I'm not sure about long term implications, but your relationship was really quite new when his dad died and it might be that it never really recovers. Or it could be that after a while he feels ready to move forward and you go on to something more serious.

Kuriusoranj Thu 09-Jun-16 02:32:35

If you're close to the parent who dies, in my experience, it changes everything. Everything. I am a different person than I was before my dad died. Agree with the others- give him time and space and try to ignore any expectations you had about normal grieving. People grieve how they grieve.

Your relationship is very new and, hard as it may be to acknowledge, it may not survive. I shut down for a long time - didn't feel anything good or hopeful or positive for a long long time. I disengaged from life. I wish you both luck - but it doesn't sound like he can be the partner you want at the moment. Only you know if you can wait and see what happens. If you can't, that's perfectly fine - you are entitled to your own happiness too and IMO your responsibility to such a new relationship is relatively small.

GarlicSteak Thu 09-Jun-16 02:44:29

There's a metaphor about grief that's been helpful to me. Think of your boyfriend's mind - or heart, if it works better - as a house. When you met him, it was his house: all nice and comfy, the way he liked it. There was a work area, a place for his car/bike, his friends came round to hang out, and you shared his big squishy sofa. He knew where everything was and it worked.

Three months ago, he woke up to find a fucking great rock in the middle of his house. It is a vast and ugly rock. It overshadows everything. It's squeezed all his normal stuff into the very small spaces left between the bastard rock and the walls of his house. He can't get from the loo to the kitchen without clambering round the damn rock, and some places are inaccessible unless he mountaineers over it with ropes & crampons.

The rock is pretty much everything. It's all you see in there. If you're on the sofa, which is now crammed in a corner under a granite cliff, and he's in another corner with his mum, there is absolutely no way you can communicate. You may as well send a letter by post, it'll reach him more reliably.

There's nothing he'd like more than for it to go away - to have everything back the way it was. He didn't ask for this rock to take over his life. But it's here - and you can't shift a mountain!

What will happen? The mountain will never disappear. He'll eventually learn to chisel bits out, rearrange his stuff on the rock, plant a rock garden, install a cable car, and his life will start up again. It'll be similar - with all his things from before, his social life and everything - but now it'll be taking place on & around the mountain. After a long time, years, everybody will stop noticing the mountain because it is now his home.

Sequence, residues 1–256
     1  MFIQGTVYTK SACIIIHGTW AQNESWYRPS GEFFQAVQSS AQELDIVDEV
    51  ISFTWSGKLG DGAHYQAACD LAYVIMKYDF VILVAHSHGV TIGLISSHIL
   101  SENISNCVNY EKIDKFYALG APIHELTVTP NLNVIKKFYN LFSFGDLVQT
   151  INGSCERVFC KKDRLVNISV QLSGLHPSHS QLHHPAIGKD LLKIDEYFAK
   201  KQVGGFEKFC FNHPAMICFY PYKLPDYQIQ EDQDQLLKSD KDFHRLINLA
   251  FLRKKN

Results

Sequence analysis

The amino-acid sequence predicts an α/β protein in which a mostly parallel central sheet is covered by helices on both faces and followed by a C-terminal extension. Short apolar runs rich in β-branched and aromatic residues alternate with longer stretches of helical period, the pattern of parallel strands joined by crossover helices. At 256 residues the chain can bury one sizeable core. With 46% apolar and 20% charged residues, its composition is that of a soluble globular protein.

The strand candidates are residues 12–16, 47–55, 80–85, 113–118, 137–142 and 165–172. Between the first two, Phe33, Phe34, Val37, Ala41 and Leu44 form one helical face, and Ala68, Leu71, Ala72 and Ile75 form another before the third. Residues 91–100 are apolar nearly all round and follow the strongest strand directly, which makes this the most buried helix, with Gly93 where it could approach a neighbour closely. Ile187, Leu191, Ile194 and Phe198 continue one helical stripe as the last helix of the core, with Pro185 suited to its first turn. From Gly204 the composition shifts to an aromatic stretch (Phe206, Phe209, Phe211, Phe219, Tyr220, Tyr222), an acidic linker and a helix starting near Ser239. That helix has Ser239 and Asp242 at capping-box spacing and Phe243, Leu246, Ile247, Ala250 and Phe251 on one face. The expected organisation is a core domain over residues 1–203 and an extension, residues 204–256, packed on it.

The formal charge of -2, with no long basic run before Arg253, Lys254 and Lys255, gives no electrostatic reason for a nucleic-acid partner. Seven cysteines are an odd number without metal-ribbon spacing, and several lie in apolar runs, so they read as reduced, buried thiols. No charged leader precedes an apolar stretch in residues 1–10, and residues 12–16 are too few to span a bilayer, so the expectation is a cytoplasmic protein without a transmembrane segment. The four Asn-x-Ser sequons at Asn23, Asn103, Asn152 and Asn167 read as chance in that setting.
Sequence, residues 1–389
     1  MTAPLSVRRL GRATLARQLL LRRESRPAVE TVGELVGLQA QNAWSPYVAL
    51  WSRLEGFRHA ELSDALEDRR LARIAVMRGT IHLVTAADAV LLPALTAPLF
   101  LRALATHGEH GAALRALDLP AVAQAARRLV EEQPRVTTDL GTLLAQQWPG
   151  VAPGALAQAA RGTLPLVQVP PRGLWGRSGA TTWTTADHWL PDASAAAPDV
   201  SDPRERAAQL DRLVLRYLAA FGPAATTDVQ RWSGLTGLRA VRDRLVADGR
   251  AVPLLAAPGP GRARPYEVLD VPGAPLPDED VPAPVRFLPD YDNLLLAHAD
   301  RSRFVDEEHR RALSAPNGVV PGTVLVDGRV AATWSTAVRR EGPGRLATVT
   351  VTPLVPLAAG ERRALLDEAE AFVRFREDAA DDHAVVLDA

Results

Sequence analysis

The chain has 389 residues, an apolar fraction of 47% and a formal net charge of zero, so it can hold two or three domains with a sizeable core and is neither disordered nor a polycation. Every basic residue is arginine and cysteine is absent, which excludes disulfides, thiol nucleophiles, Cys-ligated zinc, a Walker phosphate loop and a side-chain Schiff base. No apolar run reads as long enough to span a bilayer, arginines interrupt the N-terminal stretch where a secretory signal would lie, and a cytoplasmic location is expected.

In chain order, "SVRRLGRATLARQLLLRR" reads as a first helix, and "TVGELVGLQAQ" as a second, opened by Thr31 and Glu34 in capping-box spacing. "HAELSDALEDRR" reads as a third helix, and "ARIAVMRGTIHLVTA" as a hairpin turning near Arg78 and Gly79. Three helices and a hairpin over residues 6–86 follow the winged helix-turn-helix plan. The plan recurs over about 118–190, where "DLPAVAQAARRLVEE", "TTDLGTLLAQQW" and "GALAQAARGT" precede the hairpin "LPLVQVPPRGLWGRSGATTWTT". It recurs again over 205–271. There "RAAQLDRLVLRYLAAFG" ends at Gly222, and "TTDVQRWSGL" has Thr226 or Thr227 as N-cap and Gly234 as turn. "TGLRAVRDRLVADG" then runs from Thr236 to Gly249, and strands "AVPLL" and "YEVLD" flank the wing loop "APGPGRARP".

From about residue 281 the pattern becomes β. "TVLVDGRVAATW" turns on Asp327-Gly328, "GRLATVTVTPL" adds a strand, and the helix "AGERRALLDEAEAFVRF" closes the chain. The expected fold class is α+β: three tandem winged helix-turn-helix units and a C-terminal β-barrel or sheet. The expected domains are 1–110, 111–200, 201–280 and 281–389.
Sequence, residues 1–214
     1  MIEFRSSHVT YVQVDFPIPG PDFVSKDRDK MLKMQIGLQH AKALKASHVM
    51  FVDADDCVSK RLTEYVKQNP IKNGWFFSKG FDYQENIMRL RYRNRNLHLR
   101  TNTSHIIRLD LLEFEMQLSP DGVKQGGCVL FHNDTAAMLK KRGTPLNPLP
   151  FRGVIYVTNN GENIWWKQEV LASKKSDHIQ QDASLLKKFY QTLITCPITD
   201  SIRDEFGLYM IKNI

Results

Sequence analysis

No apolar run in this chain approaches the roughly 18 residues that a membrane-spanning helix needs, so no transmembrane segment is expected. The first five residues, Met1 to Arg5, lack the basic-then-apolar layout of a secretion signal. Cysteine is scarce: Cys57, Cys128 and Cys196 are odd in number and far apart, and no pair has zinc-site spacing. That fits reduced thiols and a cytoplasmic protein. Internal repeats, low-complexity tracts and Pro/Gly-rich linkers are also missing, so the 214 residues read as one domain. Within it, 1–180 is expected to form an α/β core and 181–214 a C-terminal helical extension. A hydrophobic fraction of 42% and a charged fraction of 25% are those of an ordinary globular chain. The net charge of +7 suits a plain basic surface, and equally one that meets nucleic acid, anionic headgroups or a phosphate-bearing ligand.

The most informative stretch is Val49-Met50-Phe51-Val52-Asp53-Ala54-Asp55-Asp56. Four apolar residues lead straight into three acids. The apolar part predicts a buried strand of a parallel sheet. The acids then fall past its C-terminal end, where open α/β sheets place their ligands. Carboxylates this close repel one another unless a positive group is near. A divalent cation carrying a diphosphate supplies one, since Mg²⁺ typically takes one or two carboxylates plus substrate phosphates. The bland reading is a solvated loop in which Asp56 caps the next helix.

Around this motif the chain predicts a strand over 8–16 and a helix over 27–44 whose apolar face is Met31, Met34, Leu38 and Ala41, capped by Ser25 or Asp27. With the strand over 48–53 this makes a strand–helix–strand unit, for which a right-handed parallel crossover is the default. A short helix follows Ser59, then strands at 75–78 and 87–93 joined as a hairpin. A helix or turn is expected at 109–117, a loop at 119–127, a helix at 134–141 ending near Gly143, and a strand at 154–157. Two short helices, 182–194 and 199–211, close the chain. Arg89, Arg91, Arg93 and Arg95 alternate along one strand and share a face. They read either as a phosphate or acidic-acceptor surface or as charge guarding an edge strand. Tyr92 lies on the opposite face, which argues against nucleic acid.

Sometimes there'll be a small avalanche, or he'll trip over a boulder, and then he'll remember when the rock arrived. He'll feel the shock all over again.

You can't make the rock go away. Nobody can.

flowers to everyone who is going through any stage of this.

DeathStare Thu 09-Jun-16 05:14:18

*
I was also a bit confused over whey he did not wan to spend time with me, get hugs, comfort, a listening ear or why he keeps saying negative things about me doing better than him. *

Because he's grieving and everyone deals with grief differently. In any case you have hardly been together any time at all so perhaps he doesn't feel ready yet for you to be the person he turns to in this type of situation. Or maybe his way of dealing with fried isn't to get hugs or a listening ear from anyone at all.

Seriously OP I know you mean well but if you want your relationship to survive you really need to stop analysing it right now. Your relationship is not the most important thing going on in his life right now and isn't (nor should it be) his first priority. The last thing he needs is to feel under (well-meaning) pressure to include you in his grief or to grieve in a way that reassures you. And if you keep analysing it right now I suspect that sort of pressure will destroy a fledgling relationship.

If you really want to develop a serious relationship with him you need to back right off at the moment. Give him space without analysing why he's taking it. If you can't do that I suspect you are incompatible.

DeathStare Thu 09-Jun-16 05:16:58

Grief not fried

HandyWoman Thu 09-Jun-16 07:06:51

Garlic that's an incredible metaphor, and so very true.

OP this is a fledgling relationship that may not survive. Because you don't know him well enough to put his grief into context.

Actually why don't you write him a letter. And take a step back emotionally from this yourself. Re-define your relationship for a bit. Because your own pain of losing him is most unhelpful and unproductive in these circumstances.

That said you have the right to decide this relationship isn't for you either. Look after yourself while this is happening.

frenchielala Thu 09-Jun-16 07:21:35

When I lost my mum - I just couldn't deal with being in a relationship, all my energy was taken up on just getting through each day. I had been going out with someone for a while and was really in love but I had to cease all contact in the end really, it took almost 3 years to be able to get back in contact with that person. I think it was hard because so many memories I had with them related back to my mum and my way of dealing with it at the time was just to draw a line under my life to that point.

I still consider that person to be 'the love of my life/the one that got away' even now I'm happily married and I know that I was the one that ended the relationship.

I'm telling you this to illustrate just how complex these kind of situations are - people don't always act as you would expect.